When my wife was dealing with the dreaded Pixel 4 battery, I was constantly trying to find ways to improve her device’s ability to get through the day without having to recharge it mid-afternoon. While that didn’t work out in the end (because the battery was so bad in that phone), I was pretty much always aware of the apps draining her battery. In most cases, those apps were pretty consistent (with Instagram being the biggest culprit).
For most Android users, battery life can be an issue, especially when working with a non-flagship device (where batteries tend to be smaller and less able to get through the day). So how do you find out which apps are guilty of draining your battery? Let me show you.
To go along, all you need is a relatively modern Android phone. I will be demonstrating on Android 12, running on a Pixel 6 Pro. Whatever device and operating system version you are using, you may need to tweak the process slightly.
That said, let’s get to it.
Checking for battery consuming apps
1. Open Settings
Log in to your Android device and pull down the notification shade twice. Click the gear icon to open the Settings app. You can also open the Settings app from the app drawer (Figure 1†
2. Access the battery details
In Settings, tap Battery (Figure 2†
3. Open Battery Usage
In the resulting screen (figure 3), tap Battery usage.
Once in the Battery Usage window, you’ll see a list of installed apps and the percentage of battery they’ve used in the last 24 hours (Figure 4†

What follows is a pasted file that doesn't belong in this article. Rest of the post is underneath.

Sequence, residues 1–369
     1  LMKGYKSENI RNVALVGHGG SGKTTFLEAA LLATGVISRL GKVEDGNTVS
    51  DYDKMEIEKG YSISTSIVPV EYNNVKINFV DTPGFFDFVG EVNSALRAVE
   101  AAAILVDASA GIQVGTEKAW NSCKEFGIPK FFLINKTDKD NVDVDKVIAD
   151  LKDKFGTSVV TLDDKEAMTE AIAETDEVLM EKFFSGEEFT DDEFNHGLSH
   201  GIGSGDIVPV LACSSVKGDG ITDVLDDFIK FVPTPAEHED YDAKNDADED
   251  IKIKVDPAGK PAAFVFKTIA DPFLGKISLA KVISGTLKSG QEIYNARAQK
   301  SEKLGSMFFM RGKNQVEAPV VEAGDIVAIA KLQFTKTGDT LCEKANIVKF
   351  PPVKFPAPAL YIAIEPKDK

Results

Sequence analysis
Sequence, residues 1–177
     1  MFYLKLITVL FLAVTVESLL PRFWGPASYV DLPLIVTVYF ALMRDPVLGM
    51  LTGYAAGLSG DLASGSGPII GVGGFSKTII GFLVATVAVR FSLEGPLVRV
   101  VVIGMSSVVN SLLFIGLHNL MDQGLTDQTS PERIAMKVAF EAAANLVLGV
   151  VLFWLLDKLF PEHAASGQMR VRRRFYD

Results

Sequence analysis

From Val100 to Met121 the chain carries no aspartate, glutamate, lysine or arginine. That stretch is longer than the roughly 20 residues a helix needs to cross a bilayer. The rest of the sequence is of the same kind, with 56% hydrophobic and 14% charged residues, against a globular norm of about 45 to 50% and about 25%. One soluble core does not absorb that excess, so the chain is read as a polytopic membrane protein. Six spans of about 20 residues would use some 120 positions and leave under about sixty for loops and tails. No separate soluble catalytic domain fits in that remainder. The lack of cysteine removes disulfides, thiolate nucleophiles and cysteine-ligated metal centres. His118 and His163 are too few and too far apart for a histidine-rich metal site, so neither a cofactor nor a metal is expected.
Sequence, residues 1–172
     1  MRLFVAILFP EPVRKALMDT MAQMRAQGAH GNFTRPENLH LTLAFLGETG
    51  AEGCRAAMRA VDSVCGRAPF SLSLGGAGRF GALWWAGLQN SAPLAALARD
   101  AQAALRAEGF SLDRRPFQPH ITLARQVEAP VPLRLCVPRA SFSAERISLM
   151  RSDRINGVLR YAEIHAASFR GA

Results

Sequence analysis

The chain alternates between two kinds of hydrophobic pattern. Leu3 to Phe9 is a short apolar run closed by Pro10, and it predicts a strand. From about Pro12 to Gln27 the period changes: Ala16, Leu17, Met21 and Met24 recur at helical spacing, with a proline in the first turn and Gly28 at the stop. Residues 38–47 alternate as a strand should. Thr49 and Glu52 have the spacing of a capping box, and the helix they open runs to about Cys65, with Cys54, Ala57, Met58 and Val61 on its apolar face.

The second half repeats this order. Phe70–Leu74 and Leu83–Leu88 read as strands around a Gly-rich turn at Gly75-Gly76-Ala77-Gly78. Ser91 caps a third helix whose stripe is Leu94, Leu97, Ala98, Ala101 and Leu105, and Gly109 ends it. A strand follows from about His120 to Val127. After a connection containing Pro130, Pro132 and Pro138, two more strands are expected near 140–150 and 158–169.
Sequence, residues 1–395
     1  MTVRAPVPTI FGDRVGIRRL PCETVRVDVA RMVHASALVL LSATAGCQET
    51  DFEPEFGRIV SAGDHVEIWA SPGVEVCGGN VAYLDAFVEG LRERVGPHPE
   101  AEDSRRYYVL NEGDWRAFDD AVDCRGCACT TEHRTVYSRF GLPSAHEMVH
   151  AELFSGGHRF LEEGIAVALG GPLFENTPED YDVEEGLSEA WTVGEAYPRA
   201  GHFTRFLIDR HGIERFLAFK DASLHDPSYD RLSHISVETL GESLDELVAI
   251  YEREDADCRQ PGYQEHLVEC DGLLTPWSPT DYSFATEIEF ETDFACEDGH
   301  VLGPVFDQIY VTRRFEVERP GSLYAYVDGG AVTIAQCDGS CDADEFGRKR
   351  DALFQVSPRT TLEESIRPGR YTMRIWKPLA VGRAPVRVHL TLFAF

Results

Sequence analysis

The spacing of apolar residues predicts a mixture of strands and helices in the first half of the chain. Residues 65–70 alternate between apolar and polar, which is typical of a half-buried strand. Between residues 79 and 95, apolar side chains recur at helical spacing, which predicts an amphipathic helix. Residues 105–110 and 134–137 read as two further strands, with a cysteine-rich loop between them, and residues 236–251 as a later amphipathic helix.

If you notice that an app is using a significant amount of power, close that app, check for an update, or consider uninstalling it. Whenever I find an app with double-digit battery usage, I always dig a little deeper to find out why. Usually that problem happens when something goes wrong with an app and can be solved by closing the app or restarting the phone. If, after closing the app or restarting your phone, you find that the app in question does the same thing (after another 24 hours), seriously consider uninstalling the app.
Force quit an app
In the Battery Usage window, tap on the suspicious app and you’ll see a few options, including Force Stop (Figure 5†
Tap Force Quit to close the app. You can also configure this app for optimized battery usage (which is highly recommended). Most of your installed apps should already be set up for optimized battery usage. If you find one that isn’t, make sure you set it that way.
And that, my dear friends, is how you can monitor how your Android apps are consuming your battery. Keep an eye on this to make sure apps aren’t going rogue and draining your battery too quickly, and you’ll find yourself extending the time between charges.